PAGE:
Drill results from the Central zone at Argonaut Gold’s (TSX: AR) wholly owned past-producing Magino gold project in Ontario hit high-grade gold intervals, which suggest potential for a connection with the Elbow zone to the west.
The company’s most recent release includes assays for seven holes. These hit gold below, and next to, the proposed Magino pit shell. Drill highlights include 9 metres of 13.4 grams gold per tonne from 476 metres; 3 metres of 46.8 grams gold per tonne starting at 307 metres; and 17 metres of 4.1 grams gold per tonne from 406 metres.
Pete Dougherty, Argonaut’s president and chief executive, said the most recent holes suggest continuous high-grade mineralization at the Central zone, similar in nature to that defined within the Elbow zone at Magino. Dougherty added that the company believes there is potential for a connection between the Elbow and Central zones, which it intends to test.
This most recent drilling was aimed at testing the continuity and depth extent of the Central zone, a steeply dipping shoot with high-grade gold veins within a broad halo. Results to date suggest good continuity of the high-grade mineralization that extends to a depth of at least 750 metres.
Brian Arkell, the company’s vice president of exploration, noted that the drilling was also designed to offset a prior, high-grade intercept from the Central zone.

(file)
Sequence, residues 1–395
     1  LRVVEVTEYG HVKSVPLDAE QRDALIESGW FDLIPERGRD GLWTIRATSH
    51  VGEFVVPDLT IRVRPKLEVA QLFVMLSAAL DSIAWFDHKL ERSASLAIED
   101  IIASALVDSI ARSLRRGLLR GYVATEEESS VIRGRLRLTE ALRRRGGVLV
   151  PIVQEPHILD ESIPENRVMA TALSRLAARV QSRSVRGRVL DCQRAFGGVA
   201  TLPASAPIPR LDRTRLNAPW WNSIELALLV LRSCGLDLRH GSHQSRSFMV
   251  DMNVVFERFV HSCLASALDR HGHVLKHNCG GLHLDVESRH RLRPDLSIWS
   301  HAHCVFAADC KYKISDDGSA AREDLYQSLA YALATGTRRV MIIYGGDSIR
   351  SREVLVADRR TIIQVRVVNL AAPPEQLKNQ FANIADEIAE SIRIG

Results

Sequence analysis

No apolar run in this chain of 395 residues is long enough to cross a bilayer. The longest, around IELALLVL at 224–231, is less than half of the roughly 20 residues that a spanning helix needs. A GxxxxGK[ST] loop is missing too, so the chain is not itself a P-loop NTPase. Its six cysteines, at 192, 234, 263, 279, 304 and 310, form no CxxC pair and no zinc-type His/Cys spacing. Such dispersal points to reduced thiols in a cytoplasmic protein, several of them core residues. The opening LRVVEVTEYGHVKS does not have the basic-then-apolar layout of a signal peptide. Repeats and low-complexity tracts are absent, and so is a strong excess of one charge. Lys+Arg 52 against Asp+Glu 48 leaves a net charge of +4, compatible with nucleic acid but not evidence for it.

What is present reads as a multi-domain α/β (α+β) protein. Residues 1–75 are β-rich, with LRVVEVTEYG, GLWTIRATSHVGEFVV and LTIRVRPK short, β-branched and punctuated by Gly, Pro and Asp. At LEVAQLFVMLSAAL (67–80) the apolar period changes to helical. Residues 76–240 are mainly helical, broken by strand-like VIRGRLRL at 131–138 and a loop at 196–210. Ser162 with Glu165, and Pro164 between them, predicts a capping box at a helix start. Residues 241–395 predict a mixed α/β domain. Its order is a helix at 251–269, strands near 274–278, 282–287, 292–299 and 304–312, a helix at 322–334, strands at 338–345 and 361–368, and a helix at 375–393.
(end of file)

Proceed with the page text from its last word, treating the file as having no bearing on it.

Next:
“We are very pleased to see similar gold mineralization plus gangue minerals, deformation, and alteration when compared to the Elbow zone. These assay results suggest continuity of high-grade gold mineralization exists between the Elbow and Central zones and will be the focus of further drilling to test this theory,” Arkell stated in the press release.
Argonaut has also identified additional high-grade structures for follow-up at depth. These fall both within and outside of the resource model and are west of the Elbow and Central zones.
Argonaut previously indicated that it believes that the Elbow zone is an extension of the Lochalsh zones from Alamos Gold’s adjacent Island gold mine.
Measured and indicated resources at Magino stand at 144 million tonnes grading 0.91 gram gold for a total of 4.2 million ounces.
The project received federal and provincial environmental assessment approvals in the first quarter of 2019.
A 2017 feasibility study for the project outlined a 10,000-tonne-per-day open-pit operation with a 17-year mine life, producing an average of 150,000 oz. gold in the first five years of operation. With a preproduction capital cost of US$293 million, the project’s net present value estimate, at a 5% discount rate, is US$288 million.
In July, Argonaut closed a $126.5-million bought deal financing, with the proceeds intended for Magino.
— This article first appeared in The Canadian Mining Journal.